Barwise opened the second with a layup, junior Mick DiStasio added one of his own, then DiStasio made a free throw to cap a 10-0 run. Sangillo ended the Eagles' 6 minute, 8 second scoring drought with a jump shot. Sangillo and MacQuestion both made one of two free throws to make it a 21-12 contest, but two free throws from Alston, a three-point play from junior Dan Foster and two free throws from Barwise gave Cheverus a 28-12 lead. Taylor stemmed the tide with two foul shots, but senior Chris Hendrix made one of two free throws with 50.8 seconds to go to give the Stags a commanding 29-14 lead at the break.

The lead would stretch to as many as 20 points in the second half, before Cheverus went flat and Windham, to its credit, made things interesting.

Barwise opened the second half scoring with a layup. Faithfull added a jump shot for a 33-14 advantage. After Sangillo sank a 3 for the Eagles, Alston made a jump shot and DiStasio added a layup to make it a 37-17 game. A floater by Windham sophomore Garrett Clemmer was answered by a Faithfull layup. After MacQuestion made two free throws, DiStasio scored on a driving layup for a 41-21 lead. A 3-ball and a pair of free throws from MacQuestion ended the third and got the Eagles back within 15, 41-26, heading for the fourth.

While Windham never got close enough to make Cheverus sweat, Stags' coach Bob Brown was visibly chagrined with his team's lack of a killer instinct and called several timeouts down the stretch.

The fourth started with a free throw by Foley and a rebound layup from Barwise, but Guerette made two free throws and Sangillo made a jump shot. After Alston made a layup and a pair of free throws for a 48-30 lead with 4:25 to play, the Eagles went on a 10-2 run to close things out.

After MacQuestion hit a 3-ball, Barwise made a layup with 3:52 to play for Cheverus' final points. Windham then got a jumper from MacQuestion, a layup from Sangillo on an inbounds pass and finally a 3 from senior Paul Robbins to make the final score 50-40 in favor of the Stags.

"We played well in the first half and didn't play well in the second half," Brown said. "We didn't play together as a team. We got people open in the first half, ran offense, did what we're good at, played as a team."

The Eagles (10-10) were led by 15 from MacQuestion and 12 from Sangillo.

Cheverus was paced by 13 points from Alston, who credited the win at Deering for turning the Stags' season around.

"(That win) was huge," he said. "We wanted to go into the playoffs on an upside and show teams that we could still do it.

"Team basketball is our main goal. We distribute the ball and make sure everyone gets a touch. Windham played hard. It was a tough win. Momentum and team basketball can do things."

Barwise added 12 and Faithfull had 11. DiStasio finished with seven, while Foster and Foley had three apiece and Hendrix added one.

The Stags (now 16-3) face No. 4 Portland (14-5) in the semifinals Wednesday at 7 p.m., at the Civic Center. The teams split during the regular year (a 68-62 win for the Stags at Cheverus on Dec. 21 and a 37-31 triumph for Portland at the Expo Feb. 5).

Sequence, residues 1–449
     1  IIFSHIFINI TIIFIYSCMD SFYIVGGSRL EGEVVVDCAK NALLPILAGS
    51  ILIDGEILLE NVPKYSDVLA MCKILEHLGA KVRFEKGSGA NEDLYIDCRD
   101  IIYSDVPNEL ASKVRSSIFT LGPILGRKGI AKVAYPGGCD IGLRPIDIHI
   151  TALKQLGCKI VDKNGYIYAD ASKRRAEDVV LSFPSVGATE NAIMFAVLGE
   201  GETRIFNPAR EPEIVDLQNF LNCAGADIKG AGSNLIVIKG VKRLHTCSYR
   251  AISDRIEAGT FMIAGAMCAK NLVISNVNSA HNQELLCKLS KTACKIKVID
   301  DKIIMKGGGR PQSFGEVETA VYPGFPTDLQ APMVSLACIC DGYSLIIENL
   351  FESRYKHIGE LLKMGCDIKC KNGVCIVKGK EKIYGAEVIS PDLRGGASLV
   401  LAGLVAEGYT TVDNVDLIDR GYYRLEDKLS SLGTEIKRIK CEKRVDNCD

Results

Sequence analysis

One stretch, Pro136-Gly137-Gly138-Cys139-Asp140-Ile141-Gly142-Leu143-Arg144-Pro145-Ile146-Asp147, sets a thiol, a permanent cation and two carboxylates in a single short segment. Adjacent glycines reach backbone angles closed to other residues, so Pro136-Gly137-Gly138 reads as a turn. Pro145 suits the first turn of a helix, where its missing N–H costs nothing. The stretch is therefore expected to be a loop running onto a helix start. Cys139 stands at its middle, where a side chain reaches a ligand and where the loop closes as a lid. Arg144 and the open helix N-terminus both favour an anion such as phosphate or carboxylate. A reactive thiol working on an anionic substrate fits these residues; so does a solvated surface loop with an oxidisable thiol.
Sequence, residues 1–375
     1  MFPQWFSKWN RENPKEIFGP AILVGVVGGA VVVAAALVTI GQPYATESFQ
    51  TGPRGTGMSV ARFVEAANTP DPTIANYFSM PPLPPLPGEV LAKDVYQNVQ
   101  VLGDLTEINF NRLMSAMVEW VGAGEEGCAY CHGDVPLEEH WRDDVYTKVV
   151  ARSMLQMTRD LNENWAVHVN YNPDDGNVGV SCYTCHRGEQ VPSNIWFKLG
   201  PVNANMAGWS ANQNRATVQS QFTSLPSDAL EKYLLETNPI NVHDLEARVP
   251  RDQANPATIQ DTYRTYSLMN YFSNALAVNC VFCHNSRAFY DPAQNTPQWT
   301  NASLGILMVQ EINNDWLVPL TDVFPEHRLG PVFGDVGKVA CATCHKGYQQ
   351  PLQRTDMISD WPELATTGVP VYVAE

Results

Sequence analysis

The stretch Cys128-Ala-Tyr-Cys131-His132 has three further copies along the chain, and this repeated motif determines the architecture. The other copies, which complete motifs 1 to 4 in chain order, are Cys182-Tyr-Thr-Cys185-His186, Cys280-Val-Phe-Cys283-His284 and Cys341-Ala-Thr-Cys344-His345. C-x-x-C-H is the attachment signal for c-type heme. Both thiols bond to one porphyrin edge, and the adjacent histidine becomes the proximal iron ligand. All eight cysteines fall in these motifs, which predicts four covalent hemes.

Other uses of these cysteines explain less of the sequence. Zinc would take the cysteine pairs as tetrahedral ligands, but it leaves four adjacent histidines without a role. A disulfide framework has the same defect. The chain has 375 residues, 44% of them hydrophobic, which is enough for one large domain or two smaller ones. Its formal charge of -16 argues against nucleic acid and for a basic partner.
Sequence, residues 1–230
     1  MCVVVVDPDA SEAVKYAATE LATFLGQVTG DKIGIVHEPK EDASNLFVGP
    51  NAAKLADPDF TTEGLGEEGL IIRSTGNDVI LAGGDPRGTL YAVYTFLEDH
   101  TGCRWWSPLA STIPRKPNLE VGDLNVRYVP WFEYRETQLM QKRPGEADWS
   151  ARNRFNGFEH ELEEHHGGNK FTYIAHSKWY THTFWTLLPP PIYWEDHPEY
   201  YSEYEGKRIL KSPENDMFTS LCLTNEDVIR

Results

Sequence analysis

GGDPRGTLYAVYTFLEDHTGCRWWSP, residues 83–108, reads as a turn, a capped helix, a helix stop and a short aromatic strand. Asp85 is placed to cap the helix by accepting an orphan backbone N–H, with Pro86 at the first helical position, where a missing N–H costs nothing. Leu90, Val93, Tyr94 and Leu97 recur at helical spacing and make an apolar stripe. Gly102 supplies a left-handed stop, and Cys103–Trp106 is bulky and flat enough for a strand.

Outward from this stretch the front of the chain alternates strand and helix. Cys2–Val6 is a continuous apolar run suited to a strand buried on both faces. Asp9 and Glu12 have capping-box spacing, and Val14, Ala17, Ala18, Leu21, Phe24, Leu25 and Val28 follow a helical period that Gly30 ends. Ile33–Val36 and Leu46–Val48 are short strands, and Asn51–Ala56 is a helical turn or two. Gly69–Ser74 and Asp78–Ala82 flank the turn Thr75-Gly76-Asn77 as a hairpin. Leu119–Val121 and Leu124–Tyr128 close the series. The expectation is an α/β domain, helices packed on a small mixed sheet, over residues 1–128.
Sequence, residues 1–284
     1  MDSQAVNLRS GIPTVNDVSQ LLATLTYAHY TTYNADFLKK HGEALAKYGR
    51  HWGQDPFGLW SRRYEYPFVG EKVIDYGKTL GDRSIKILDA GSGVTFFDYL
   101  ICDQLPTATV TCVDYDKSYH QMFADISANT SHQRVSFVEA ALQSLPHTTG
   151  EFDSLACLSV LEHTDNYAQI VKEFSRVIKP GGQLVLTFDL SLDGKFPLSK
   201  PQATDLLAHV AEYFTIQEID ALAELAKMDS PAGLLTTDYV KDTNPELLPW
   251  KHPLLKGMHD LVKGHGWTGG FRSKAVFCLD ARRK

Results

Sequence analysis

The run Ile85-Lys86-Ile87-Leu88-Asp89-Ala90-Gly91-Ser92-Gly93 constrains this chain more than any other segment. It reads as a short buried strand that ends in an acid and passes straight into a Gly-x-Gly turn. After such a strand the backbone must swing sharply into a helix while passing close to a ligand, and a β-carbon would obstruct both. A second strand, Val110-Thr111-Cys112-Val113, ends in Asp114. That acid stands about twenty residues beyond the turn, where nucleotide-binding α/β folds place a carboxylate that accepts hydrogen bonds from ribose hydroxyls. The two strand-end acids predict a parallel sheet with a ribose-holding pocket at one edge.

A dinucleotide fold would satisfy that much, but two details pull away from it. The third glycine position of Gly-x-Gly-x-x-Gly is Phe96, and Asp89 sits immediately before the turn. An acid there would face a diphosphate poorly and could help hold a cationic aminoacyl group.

The Bulldogs have also eliminated Cheverus from three of the past four postseasons, winning 68-52 in the 2004 Western A Final, 55-44 in the semifinals two seasons ago and 62-44 in last year's regional final.

In light of those prior disappointments, rest assured the Stags are quite hungry for revenge.

"They knocked us out the last two years and I went to middle school with a lot of those guys," Alston said. "I want this game more than anything. They're a great team. I think we matchup well. They're physical. We have to physical right back at them. They'll try to intimidate us. We have to take it at them."

"We beat them the first time, they beat us the second," Brown added. "If we play well, we can beat them, if not, they can beat us."

Cape Elizabeth shows why it's No. 1, whips Wells by 37

Sport: Basketball (boys)  Posted: February 16th, 2008

By Michael Hoffer
Special to MBR

PORTLAND- When a team enters the tournament with the top seed, it wants nothing more than to squeeze all hope out the underdog right from the get-go.

Cape Elizabeth did just that Saturday afternoon in a Western Class B quarterfinal. The Capers took a 20-10 lead after one period, a 40-20 advantage after two, a 52-26 lead after three and cruised to an emphatic 72-35 victory over the eighth-ranked Wells Warriors.

The win allowed Cape Elizabeth to advance to the semifinal round where it will meet an inspired Greely Rangers squad, the fourth-seed, Wednesday evening at 8:30 p.m., at the Cumberland County Civic Center.

The Capers won their final 13 games this winter and hit their stride long before senior Shaine Burks rejoined the team. Burks' return made Cape Elizabeth even stronger and deeper and the Capers took their 16-2 record into the Portland Expo to face a Wells squad they had downed twice during the regular year (79-36 at home Jan. 15 and 54-45 on the road 11 days later).

Wells eliminated the Capers in two previous playoff meetings: 59-56 in the 1984 Western B semifinals, and 63-58 in the quarterfinals three years ago, while Cape Elizabeth beat the Warriors 63-49 in the 2003 preliminary round.